Nurse anesthetists, in one of the four main advanced practice nursing (APRN) roles, administer anesthesia to patients and care for them before and after medical procedures. Students who wish to become nurse anesthetists first become registered nurses through an entry-level nursing program, leading to either a diploma, an associate degree or a bachelor's degree. Any further specialization occurs through work experience and graduate-level education, including the Master of Science in nursing required for all APRNs. The education and work experience required pays off: As of May 2012, the U.S. Bureau of Labor Statistics reports that nurse anesthetists made an average of $154,390 annually.
High School Courses
Since nursing training begins at the postsecondary level, there are no required high school courses to become a nurse anesthetist. High school students interested in the field can prepare for later coursework by taking advanced science courses in biology, chemistry, anatomy and related topics. Any relevant volunteer opportunities, job shadowing or work experience, such as at a local hospital or health clinic, can give students some background into the realities of daily nursing work.
Entry Level Nursing Courses
All introductory nursing programs require students to take science courses such as microbiology, anatomy and physiology, and complete clinical rotations through various medical departments. Students also learn nursing skills through classes on mental health treatment, family care, population-focused nursing, pharmacology and related topics. A Bachelor's of Science in nursing provides added training in critical analysis, leadership and communication skills and is a prerequisite to earning an MSN.
Graduate Nurse Anesthetist Programs
RNs who have a BSN, an active license and at least one year of work experience can apply to master's-level nursing programs, which lead to eligibility to work as an APRN. RNs who hold a diploma or an associate degree but wish to pursue a nurse anesthetist position can take advantage of degree completion programs, usually referred to as RN-to-MSN tracks. Another graduate-level option that is increasing in both availability and popularity is the Doctor of Nursing Practice. Though an MSN is generally the minimum requirement to become an APRN, many states and employers feel that the DNP provides better preparation for the complex demands of the role.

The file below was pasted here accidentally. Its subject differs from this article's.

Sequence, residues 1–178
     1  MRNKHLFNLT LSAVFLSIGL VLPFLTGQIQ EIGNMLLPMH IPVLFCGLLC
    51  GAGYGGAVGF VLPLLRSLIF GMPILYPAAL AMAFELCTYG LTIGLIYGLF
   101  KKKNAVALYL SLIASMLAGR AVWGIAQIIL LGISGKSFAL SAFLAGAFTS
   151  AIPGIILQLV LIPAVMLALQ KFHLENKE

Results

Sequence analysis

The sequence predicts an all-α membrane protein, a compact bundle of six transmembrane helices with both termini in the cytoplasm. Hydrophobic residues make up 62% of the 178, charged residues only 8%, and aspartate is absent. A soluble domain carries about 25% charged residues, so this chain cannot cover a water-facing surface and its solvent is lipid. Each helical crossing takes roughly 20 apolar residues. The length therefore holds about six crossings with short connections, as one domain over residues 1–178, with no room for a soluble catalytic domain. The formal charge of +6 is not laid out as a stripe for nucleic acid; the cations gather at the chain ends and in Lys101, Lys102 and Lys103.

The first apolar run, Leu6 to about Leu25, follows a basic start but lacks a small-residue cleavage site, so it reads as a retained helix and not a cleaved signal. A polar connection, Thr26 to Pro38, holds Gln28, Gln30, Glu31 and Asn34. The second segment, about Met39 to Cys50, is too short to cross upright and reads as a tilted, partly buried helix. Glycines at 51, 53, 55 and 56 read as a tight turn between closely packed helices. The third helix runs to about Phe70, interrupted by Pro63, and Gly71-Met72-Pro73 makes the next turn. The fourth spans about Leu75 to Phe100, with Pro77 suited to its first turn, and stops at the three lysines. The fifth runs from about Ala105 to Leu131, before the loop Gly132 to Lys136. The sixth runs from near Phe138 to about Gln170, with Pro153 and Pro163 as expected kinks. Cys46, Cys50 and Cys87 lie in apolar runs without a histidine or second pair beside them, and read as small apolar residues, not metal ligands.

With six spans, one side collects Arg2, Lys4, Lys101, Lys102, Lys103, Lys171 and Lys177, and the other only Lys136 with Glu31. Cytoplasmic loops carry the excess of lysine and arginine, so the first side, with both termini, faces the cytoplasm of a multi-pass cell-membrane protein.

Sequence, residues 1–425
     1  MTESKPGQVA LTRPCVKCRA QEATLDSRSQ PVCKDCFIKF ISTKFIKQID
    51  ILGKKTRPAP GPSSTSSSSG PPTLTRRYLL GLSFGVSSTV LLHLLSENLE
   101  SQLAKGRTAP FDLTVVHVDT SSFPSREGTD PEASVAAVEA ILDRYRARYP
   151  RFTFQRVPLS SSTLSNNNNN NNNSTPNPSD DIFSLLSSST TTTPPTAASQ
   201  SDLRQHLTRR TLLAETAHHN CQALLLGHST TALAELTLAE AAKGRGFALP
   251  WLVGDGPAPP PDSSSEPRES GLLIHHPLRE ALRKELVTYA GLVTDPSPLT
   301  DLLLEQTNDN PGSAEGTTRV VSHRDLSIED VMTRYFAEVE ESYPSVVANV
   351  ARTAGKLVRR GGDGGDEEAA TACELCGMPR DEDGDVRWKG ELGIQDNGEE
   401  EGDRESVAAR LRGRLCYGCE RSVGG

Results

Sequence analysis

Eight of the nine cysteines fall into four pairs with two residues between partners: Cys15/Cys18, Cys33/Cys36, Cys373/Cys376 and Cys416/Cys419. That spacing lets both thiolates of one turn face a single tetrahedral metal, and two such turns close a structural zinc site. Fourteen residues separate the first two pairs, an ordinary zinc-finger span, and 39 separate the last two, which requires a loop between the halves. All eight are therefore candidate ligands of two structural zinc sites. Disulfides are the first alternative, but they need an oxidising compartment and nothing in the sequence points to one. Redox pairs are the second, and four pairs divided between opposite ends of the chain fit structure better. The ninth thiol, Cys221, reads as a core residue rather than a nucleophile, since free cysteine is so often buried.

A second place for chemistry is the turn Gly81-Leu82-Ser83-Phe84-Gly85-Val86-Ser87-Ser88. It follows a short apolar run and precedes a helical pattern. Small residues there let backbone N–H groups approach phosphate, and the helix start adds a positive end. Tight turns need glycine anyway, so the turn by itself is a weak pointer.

Graduate Nurse Anesthetist Courses
No matter the degree type, graduate work in the field of nurse anesthesia involves a combination of clinical work and classroom time. Nurse anesthesia students cover general topics necessary for all advanced nursing roles -- such as nursing research, nutrition, and health statistics -- as well as topics particular to their specialty, including chemistry of anesthesia, pharmacology of anesthesia, pediatric anesthesia and obstetrical anesthesia. Programs may have a minimum number of required residency or practicum hours in the field. There are 113 accredited nurse anesthesia programs in the U.S., according to the American Association of Nurse Anesthetists.
- The U.S. Bureau of Labor Statistics: Nurse Anesthetists
- The U.S. Bureau of Labor Statistics: Registered Nurses
- Duke University: Nurse Anesthesia Program Matriculation Plan
- Duke University: Admission Requirements for MSN Program
- Union University: BSN-DNP
- American Association of Nurse Anesthetists: Accredited Programs provided by the Council on Accreditation of Nurse Anesthesia Educational Programs (COA)
- University of Illinois at Chicago: BSN – Degree Requirements
- American Association of Colleges of Nursing: Degree Completion Programs for Registered Nurses: RN to Master's Degree and RN to Baccalaureate Programs
- American Association of Colleges of Nursing: Master's Nursing Programs
- American Association of Colleges of Nursing: Your Guide to Graduate Nursing Programs
- American Association of Nurse Anesthetists: Certified Registered Nurse Anesthetists at a Glance
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